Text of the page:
By the time this loophole was detected and plugged, Thippa had made inroads in to the hearts of the talkies-owner. His amiable personality and friendly behavior attracted the owner. Thippa would supply him several forest produce including the flute made of bamboo. Slowly Thippa was allowed to stand inside the tent to watch the shows. Thippa could sing film songs and imitate the big actors by his dialogue delivery. He would bring us film song books which were sold in the theatres in those days. We would by heart all songs and sing the same as cradle songs while cradling our young brothers.
As the number of Kannada films produced was very less, the tents were forced to exhibit Tamil films even in Sringeri. Slowly Thippa developed a fascination for them. He told us that unlike the sober Kannada films, the Tamil films were very powerful in dialogue, adventure and heroics! As per him, the names of Kannada films themselves indicated how sober they were. He cited the examples of ‘Jaganmohini’,’Bhaktha Markandeya’, ‘Santa Sakhu Bai’, ‘School Master’ and ‘Vidhi Vilasa’ as proof. As against this, the Tamil films had names like ‘Veera Pandya Katta Bomman’, ‘Neela Malai Thirudan’, ‘Vanji Kottai Valiban’, ‘Kappa Lottiya Tamilan, etc. For us, young boys, in those days nothing was more attractive than reading, hearing and seeing the adventurous stories. We were quite convinced by Thippa’s views considering the awe inspiring names of Tamil films!
I, for one, immediately asked Thippa to teach me singing a Tamil song. He taught me a song which ran as:
“Ponal Pogattum Poda!
Inda Bhuvi Lilayai Vandavar Yarada!
Ponal Pogattum Poda!”
I started singing this loudly as a lullaby while cradling my young brother. To my surprise, the child, instead of getting lulled into a deep sleep, appeared disturbed and in fact started crying! My elder sister came running and asked me to stop singing immediately for God’s sake! She had two questions for me:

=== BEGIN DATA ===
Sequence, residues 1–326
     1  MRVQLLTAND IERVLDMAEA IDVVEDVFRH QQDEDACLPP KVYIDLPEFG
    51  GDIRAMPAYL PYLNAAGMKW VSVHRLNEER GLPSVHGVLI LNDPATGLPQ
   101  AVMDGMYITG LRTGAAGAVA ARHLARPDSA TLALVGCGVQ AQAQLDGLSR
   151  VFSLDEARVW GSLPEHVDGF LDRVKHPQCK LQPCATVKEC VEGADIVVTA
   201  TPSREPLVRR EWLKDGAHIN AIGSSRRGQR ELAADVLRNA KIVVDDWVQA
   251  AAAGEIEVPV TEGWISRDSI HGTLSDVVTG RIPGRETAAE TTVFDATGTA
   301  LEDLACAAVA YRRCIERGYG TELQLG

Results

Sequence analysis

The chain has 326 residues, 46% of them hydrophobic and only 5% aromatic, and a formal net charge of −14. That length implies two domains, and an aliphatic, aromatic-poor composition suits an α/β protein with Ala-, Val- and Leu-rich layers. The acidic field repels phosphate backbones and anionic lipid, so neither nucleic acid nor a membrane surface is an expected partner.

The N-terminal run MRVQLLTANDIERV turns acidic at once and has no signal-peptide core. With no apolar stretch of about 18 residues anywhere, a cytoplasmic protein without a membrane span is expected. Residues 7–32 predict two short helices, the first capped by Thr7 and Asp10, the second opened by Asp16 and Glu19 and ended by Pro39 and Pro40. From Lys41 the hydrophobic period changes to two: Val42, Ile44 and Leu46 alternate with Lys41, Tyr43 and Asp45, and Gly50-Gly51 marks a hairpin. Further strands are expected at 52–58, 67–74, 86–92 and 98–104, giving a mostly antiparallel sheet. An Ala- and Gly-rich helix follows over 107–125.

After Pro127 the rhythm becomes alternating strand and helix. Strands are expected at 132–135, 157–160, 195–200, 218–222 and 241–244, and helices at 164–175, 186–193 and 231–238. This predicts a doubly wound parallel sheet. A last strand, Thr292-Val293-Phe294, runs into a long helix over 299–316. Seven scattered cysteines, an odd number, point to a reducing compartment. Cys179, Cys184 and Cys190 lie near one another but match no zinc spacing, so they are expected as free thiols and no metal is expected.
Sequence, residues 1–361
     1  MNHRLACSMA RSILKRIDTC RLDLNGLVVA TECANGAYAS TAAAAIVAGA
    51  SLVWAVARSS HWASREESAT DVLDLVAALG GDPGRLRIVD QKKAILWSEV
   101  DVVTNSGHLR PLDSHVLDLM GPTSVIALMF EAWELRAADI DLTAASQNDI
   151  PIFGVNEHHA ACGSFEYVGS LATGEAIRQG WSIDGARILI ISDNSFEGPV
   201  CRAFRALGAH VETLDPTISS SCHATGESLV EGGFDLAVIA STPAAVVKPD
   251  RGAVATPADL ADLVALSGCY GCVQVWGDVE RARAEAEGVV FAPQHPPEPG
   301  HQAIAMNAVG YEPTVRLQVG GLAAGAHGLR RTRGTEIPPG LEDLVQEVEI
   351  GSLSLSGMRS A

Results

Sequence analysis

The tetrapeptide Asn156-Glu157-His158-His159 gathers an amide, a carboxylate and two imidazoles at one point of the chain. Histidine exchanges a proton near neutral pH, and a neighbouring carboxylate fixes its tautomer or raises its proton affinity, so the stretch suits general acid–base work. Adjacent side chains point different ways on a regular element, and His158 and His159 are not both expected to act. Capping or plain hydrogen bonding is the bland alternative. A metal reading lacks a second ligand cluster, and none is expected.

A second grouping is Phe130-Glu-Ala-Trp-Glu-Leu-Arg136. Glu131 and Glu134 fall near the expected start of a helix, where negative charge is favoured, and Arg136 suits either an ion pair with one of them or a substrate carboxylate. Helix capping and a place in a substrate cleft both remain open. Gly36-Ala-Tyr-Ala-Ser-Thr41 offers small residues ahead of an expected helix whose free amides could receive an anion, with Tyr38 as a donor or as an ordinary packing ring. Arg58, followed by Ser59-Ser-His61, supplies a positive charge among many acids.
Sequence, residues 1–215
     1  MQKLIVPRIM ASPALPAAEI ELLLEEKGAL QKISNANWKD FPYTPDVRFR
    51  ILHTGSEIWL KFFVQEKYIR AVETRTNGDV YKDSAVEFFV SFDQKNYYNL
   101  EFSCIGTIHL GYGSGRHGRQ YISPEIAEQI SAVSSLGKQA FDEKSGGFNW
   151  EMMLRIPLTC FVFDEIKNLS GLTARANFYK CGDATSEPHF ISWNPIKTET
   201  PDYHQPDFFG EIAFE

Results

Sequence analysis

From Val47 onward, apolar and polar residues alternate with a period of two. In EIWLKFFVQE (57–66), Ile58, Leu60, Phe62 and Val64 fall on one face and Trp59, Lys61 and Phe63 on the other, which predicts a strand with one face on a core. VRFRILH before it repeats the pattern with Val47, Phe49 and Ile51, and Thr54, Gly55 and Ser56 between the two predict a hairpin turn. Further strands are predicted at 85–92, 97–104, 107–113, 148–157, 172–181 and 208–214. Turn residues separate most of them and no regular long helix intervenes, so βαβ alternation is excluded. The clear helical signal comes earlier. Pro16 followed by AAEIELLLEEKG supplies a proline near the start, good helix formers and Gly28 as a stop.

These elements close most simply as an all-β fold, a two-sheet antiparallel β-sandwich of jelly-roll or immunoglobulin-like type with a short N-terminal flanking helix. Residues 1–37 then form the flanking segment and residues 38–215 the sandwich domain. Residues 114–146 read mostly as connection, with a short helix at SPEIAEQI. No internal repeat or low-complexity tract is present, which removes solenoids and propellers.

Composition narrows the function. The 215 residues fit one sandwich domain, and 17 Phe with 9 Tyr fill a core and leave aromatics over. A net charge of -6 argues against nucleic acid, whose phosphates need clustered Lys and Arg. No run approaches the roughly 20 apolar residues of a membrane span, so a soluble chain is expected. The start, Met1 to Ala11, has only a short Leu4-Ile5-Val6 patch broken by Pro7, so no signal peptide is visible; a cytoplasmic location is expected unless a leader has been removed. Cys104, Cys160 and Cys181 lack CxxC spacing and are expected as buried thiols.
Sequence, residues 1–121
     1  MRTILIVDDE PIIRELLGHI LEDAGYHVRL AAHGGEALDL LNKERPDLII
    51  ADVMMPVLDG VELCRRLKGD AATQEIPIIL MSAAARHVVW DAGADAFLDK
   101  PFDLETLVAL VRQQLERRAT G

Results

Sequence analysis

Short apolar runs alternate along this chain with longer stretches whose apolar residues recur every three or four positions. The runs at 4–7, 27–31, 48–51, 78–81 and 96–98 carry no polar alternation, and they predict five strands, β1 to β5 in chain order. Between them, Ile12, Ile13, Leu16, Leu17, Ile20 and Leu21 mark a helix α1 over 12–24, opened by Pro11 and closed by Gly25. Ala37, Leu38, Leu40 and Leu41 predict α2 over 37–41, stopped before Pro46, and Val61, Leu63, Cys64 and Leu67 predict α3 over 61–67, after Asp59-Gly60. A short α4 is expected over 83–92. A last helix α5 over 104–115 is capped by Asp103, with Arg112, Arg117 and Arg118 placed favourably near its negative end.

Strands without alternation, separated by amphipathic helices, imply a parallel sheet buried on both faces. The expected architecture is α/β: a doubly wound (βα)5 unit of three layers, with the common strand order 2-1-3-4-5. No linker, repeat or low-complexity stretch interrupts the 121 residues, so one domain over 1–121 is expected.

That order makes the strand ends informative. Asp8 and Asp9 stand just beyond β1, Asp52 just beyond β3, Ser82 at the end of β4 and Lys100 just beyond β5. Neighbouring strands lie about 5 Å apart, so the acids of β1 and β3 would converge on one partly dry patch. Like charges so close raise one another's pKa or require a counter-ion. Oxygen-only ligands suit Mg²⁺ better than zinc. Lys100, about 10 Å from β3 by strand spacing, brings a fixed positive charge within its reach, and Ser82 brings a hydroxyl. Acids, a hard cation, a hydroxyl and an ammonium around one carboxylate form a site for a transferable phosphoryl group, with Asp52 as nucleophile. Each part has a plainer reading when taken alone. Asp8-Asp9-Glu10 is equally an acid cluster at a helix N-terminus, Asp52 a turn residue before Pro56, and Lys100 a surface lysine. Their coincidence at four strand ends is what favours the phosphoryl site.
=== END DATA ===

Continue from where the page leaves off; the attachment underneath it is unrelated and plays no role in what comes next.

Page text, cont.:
1. What was supposed to be the meaning of the song?
2. Why was I shouting it when I was supposed to be singing?
I told her that I sincerely thought that I was only singing it. As for the meaning, I told her that I had absolutely no clue! She told me that she had nothing against Tamil as such but the cradle songs should not be harsh. They are supposed to be sober and melodious to the tender ears of the child.
I had to revert to Thippa as I did not want to give up Tamil singing so easily! On hearing my plight he taught me another song which ran as:
“Ninnai Kande Nanada
Yennai Kande Ninada
Ullasam Pongu Inba Deepavali
(Kanneerum Kadashulyam Deepavali)
Uringu Mugildum Honranga Kalandum
“Kanna Thil Yenne Vennu Kadenagathada
Kanna Thil Vilayada Kalaye Nivada”
..So on and so forth
This song indeed worked for me as my young brother would go to deep sleep on hearing this from me.
Thippa tried his hand in hunting of wild animals. There used to be several hunting parties for wild animals in our village those days. Thippa used to join these parties for hunting. But as luck would have it, he could not proceed beyond hunting down Kurka and Barka! (The terminology used for petty animals).
Thippa married a girl called Devi and enjoyed his family life. Considering his disinterest in his hereditary occupation and his fascination for other ventures, we used to frequently ask him where he was headed ultimately. He was firm in his goal setting. He used to say that all he wanted to was to end up as a gatekeeper in a cinema theatre! That way he could fulfill his desire to see all kinds of cinemas free!
At a particular stage in his life, Thippa abdicated his hereditary occupation in favor of his younger brother Mariya. He simply left the place without disclosing his destination. However, we came to know later that he had indeed achieved his greatest ambition in his life! He had been appointed as a gatekeeper in a permanent cinema theatre in a town in the district of Hassan! While none of his boyhood friends including me could achieve our ambitions in life, it was only Thippa who could do it! I would like to end this episode as a tribute to my great friend of boyhood, the lovable Thippa!
…. (To be continued)…..